By Thomas I. Palley
Special to Press Associates
WASHINGTON (PAI) - For the past five years the global economy has been flying on one engine. That engine is the U.S. consumer, who has been on a consumption binge financed by borrowing, in turn backed by a housing price bubble.
This situation poses the threat of a serious hard landing when that engine eventually stalls, as it must.
Ever-inflating house prices and rising debt-to-income levels are not sustainable. And as the late Herbert Stein, Chairman of President Nixon's Council of Economic Advisers, wryly observed: "If something cannot go on forever, it will stop."
This view, regarding the global economy's excessive dependence on the U.S. and the financial fragility of the U.S. economy, is not just held by progressive economists. It is also shared by Wall Street.
Thus, Stephen Roach, Chief Economist for Morgan Stanley, recently wrote in the Financial Times (Nov. 4, 2005): "There is now about a 40 percent probability of a hard landing in the next 12 months." And in a research brief, Roach singles out China as being particularly dependent on the U.S.: "China's export prowess is balanced on the head of a pin - a pin made in America. Fully 35 percent of Chinese exports go to the United States."
Roach's Wall Street warnings are sobering. But they miss a more profound
point: The global economy is headed in the wrong direction, hollowing out the U.S. middle class while failing to create a big enough middle class in the developing world.
That hollowing-out process has long been visible in U.S. statistics on wages and family income distribution, and it has been rendered keenly concrete by Delphi Corp.'s recent bankruptcy filing. It is only because of successive stock market and housing price bubbles, combined with a massive increase in consumer access to credit, that the hollowing-out has not been worse.
A major cause of these dangerous trends is the flawed structure of the global economy. Spurred by our own policy makers, the International Monetary Fund, and the World Bank, developing countries adopted an export-led approach to manufacturing growth and development.
This approach has two critical features. First, countries rely on selling in foreign
markets rather than their own domestic markets. Second, countries use under-valued
exchange rates to subsidize their products, thereby making them hyper-competitive.
China exemplifies this model, exporting over half of its manufacturing output and having an exchange rate that is up to 40 percent undervalued. And focus on export-led growth distorted the global economy. First, it created the global financial imbalances that Wall Street is so apprehensive about, manifested in the record U.S. trade deficit.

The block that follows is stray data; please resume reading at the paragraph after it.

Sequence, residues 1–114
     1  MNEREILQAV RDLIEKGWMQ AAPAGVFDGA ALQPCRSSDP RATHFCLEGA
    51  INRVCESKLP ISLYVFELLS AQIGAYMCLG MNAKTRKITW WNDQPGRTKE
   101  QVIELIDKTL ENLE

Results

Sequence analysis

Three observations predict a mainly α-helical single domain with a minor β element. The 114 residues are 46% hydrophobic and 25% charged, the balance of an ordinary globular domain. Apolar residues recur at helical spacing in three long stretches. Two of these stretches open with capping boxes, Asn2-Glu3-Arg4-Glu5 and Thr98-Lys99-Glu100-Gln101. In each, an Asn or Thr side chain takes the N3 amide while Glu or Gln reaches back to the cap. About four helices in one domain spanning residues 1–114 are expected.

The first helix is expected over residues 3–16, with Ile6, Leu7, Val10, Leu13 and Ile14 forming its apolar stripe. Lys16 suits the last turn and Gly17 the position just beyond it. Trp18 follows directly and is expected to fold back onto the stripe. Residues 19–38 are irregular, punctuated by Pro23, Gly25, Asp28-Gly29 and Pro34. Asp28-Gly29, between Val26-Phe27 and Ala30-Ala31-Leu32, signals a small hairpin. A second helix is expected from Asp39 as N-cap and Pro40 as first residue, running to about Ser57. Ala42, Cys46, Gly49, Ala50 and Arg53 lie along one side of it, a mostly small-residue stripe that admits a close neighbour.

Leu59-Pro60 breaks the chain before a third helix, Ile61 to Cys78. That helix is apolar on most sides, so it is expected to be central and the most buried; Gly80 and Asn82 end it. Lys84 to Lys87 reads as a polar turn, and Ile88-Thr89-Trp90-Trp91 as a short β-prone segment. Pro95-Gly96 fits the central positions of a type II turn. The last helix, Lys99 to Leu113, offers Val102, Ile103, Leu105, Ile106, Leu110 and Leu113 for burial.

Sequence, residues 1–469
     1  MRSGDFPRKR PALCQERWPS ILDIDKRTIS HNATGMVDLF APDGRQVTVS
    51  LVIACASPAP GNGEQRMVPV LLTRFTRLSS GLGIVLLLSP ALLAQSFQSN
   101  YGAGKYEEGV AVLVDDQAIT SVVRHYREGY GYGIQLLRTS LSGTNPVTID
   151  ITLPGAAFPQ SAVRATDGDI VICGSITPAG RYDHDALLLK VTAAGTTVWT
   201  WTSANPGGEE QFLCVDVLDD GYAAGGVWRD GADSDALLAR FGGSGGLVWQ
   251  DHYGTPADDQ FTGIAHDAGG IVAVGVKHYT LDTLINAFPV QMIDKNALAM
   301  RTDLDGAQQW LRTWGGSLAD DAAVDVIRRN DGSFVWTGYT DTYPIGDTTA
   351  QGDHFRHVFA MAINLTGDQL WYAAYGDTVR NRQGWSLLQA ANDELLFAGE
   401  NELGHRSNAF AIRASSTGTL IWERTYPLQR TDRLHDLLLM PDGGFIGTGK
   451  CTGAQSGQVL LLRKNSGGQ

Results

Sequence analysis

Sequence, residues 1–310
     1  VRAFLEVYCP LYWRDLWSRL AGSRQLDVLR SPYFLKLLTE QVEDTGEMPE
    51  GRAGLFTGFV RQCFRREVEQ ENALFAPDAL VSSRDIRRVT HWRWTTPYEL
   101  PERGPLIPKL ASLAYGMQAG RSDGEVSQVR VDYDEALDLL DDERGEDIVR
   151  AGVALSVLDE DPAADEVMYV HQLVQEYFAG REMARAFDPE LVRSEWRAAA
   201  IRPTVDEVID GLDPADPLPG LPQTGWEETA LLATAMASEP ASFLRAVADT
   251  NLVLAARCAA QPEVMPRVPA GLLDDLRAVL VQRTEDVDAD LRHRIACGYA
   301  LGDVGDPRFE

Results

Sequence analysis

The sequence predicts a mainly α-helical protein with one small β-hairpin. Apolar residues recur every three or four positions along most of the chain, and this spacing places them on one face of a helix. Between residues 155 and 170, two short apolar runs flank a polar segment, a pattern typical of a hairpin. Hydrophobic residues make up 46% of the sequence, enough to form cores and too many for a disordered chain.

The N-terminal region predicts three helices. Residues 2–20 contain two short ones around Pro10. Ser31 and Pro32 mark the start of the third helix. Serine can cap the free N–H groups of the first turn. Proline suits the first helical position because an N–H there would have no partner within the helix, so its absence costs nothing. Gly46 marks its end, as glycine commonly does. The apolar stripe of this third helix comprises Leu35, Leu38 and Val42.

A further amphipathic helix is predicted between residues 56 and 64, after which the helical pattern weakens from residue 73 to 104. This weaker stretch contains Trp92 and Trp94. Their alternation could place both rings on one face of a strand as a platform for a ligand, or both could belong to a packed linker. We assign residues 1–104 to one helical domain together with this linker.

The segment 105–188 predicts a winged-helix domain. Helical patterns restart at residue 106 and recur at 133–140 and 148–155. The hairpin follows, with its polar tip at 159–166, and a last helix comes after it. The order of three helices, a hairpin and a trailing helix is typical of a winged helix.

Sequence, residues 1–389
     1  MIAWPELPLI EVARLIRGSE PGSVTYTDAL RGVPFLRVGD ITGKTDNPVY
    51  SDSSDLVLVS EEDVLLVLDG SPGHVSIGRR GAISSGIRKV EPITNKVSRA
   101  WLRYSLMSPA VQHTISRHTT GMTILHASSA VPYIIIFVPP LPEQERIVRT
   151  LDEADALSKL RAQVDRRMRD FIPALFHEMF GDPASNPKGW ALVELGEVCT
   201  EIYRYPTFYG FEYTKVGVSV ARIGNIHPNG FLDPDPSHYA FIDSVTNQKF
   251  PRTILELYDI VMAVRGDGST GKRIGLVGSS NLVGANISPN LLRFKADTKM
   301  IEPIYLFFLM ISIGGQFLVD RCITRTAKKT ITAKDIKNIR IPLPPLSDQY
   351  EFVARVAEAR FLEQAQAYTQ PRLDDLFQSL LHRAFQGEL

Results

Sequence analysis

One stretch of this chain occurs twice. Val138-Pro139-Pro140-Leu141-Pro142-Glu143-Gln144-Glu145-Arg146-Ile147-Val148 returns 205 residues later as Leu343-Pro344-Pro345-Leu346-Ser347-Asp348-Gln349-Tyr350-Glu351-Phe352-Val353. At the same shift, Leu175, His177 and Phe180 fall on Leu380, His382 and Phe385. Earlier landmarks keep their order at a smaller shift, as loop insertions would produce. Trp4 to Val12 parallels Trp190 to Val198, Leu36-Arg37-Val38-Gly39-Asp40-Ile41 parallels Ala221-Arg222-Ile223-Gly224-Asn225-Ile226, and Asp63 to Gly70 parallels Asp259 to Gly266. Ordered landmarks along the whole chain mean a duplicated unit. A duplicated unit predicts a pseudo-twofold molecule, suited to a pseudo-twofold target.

Second, U.S. manufacturing has been undermined by unfair competition subsidized by undervalued currencies. This in turn accelerated the hollowing of America's middle class.
Third, export-led growth promotes the global race-to-the-bottom, since countries look for international competitive advantage however possible. Consequently, workplace standards, wages, and the environment are all subject to persistent retrograde pressures, impeding the development of a middle class in developing countries.
The implication is that the global economy must shift from export-led development to domestic market-led development. In an export-led world, higher wages undermine employment. In a domestic market-led world, higher wages can promote employment. This is where labor standards and unions enter.
The challenge is to establish a system that has wages rising with productivity so that workers can buy what they produce, rather than dumping it on world markets. Setting wages by government edict does not work. Labor standards and unions are the way forward, since they provide a decentralized mechanism that links wages and productivity through collective bargaining.
History supports this. Every country that has ever made the transition to developed industrialized status has traveled this route.
China is the poster-child for export-led manufacturing growth. It has the most under-valued exchange rate, the worst labor repression, and is by far the largest developing country exporter. As such, China is the gravitational attractor for the race to the bottom. Other countries must change, but can only do so if China changes so none lose relative competitive advantage. If China revalues its exchange rate, other East Asian countries can do so. Likewise, if China raises wages, so too can the others.
One area where China shows leadership is its stated commitment to increase social spending. This will be good for China's citizens, and it will also contribute to incomes and domestic demand there, which will be good for the global economy. However, there is a problem unique to China: Labor standards and trade unions are key to domestic market-led development, but China's political system prevents them. That creates an additional political roadblock that must be solved. Democratic reform in China is not a nicety. It is a necessity for the global economy to work.